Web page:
Global stocks were in a mixed state on Tuesday as investors digested Jay Powell’s nomination for a second term as chair of the US Federal Reserve, surging coronavirus cases in Europe, and a White House announcement that 50 million barrels of oil would be released from the US strategic stockpile in a bid to drive down fuel prices. The latter of these developments has not had the desired effect thus far. At the end of the European day, Brent Crude was up 3.04% at $82.12 per barrel, and West Texas Intermediate had climbed 2.33% to $78.54. The FTSE 100 ended the session up 0.15% at 7,266.69, while the FTSE 250 fell 0.89% to 23,221.61. Compass Group, the world’s biggest catering firm, was the biggest riser on the main index, climbing 5.64% after reinstating its dividend earlier than expected due to strong cash flow and record new business wins. In its annual results, the company said that it had made a strong recovery from the pandemic after achieving almost 90% of pre-Covid revenues by the final quarter. Energy stocks also made gains thanks to the aforementioned rise in oil prices, while housebuilder Barratt Developments jumped 2.45% after analysts at Berenberg upgraded its shares from ‘hold’ to ‘buy’. Utility Warehouse owner Telecom Plus was the FTSE 250’s best performer, soaring 15.59% despite adjusted profits. However, changes in the UK’s energy landscape due to the sharp increase in wholesale gas prices have benefitted the company, which saw a net increase of more than 15,000 new customers in October alone. Pets at Home also had a good day, with the retailer gaining 5.54% after it backed its full-year profit guidance and posted a jump in interim profit and revenue, driven by a rise in pet ownership. Propping up the FTSE 250 was online electrical retailer AO World, which tumbled 14.35% after it warned that supply chain issues and higher costs would hit full-year earnings and revenue. At the time of writing, sterling had fallen 0.12% against the dollar to $1.338 and was 0.24% lower against the euro at €1.1891.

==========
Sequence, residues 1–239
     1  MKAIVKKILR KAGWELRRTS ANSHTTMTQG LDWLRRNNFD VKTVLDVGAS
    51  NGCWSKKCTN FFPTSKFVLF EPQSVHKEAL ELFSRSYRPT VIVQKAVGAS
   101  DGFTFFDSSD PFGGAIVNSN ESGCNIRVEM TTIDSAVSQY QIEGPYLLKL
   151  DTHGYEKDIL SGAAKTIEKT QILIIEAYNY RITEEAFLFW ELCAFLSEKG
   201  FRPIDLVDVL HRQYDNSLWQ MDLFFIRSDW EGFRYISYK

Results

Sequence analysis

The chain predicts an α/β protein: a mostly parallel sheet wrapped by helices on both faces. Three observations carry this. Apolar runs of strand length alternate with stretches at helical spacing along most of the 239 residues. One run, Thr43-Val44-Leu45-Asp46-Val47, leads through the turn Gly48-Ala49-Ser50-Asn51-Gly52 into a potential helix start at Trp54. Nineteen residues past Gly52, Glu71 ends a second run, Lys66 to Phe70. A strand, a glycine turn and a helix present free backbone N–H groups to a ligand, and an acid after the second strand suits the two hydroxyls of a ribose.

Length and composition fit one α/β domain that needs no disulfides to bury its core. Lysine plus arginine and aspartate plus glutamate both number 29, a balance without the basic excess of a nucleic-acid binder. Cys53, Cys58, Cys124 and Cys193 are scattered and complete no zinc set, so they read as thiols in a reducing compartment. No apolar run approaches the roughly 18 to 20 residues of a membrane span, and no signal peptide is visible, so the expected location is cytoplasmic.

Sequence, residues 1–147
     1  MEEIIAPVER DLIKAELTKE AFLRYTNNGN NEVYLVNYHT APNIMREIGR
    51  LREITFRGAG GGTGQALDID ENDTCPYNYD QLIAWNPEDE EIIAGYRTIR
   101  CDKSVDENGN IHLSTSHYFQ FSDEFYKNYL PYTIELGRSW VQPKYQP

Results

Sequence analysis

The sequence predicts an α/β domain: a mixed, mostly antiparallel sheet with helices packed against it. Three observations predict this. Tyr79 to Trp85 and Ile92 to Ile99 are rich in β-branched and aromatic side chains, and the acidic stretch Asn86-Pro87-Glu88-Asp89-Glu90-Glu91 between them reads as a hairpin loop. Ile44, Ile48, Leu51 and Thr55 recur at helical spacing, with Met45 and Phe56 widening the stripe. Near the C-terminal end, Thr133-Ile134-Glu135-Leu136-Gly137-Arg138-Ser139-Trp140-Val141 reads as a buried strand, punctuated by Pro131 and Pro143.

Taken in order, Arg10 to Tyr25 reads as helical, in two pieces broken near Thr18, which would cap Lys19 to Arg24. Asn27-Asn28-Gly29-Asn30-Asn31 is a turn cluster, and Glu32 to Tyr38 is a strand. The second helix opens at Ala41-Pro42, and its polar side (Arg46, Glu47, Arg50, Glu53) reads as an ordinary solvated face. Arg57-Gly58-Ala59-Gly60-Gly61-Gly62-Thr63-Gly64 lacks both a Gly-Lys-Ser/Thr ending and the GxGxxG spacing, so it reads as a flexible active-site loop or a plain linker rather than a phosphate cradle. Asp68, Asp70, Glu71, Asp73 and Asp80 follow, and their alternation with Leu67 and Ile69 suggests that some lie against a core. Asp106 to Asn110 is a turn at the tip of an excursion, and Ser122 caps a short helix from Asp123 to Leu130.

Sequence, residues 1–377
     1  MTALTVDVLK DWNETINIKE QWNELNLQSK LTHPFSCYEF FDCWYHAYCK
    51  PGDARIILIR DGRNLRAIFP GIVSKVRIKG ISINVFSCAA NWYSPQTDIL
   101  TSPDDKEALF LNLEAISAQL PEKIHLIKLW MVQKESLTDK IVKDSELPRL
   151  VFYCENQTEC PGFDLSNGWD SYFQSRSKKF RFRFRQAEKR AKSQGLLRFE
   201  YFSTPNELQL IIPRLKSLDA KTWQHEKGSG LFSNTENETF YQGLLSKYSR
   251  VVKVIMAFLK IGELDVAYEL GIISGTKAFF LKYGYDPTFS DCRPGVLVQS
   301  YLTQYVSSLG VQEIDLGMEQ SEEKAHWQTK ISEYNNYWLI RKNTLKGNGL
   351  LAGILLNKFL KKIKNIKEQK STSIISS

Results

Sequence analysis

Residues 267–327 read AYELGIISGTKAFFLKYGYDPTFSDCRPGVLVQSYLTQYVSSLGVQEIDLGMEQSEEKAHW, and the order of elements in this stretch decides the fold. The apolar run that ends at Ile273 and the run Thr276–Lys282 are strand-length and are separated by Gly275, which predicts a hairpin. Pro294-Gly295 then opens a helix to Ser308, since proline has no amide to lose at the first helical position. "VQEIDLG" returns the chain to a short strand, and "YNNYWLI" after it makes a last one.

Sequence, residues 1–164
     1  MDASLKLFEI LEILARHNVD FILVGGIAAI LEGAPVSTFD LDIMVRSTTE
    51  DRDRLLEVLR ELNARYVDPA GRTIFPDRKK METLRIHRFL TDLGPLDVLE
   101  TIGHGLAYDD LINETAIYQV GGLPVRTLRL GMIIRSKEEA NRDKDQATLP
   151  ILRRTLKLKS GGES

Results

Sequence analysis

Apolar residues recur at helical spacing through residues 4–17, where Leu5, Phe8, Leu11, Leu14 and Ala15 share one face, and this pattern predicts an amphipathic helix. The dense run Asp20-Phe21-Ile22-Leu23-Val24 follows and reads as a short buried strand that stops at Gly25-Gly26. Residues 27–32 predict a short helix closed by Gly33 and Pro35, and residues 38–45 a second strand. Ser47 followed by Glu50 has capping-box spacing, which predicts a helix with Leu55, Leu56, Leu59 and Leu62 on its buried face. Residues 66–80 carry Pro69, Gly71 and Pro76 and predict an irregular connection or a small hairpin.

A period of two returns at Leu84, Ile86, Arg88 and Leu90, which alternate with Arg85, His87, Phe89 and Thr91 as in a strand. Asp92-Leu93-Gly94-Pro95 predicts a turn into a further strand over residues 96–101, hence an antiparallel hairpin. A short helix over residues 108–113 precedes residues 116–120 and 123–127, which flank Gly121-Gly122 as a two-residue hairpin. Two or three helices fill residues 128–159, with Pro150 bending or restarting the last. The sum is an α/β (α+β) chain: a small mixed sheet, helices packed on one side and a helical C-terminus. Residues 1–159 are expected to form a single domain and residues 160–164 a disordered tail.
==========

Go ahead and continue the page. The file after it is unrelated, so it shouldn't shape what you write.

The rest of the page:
What’s happening today?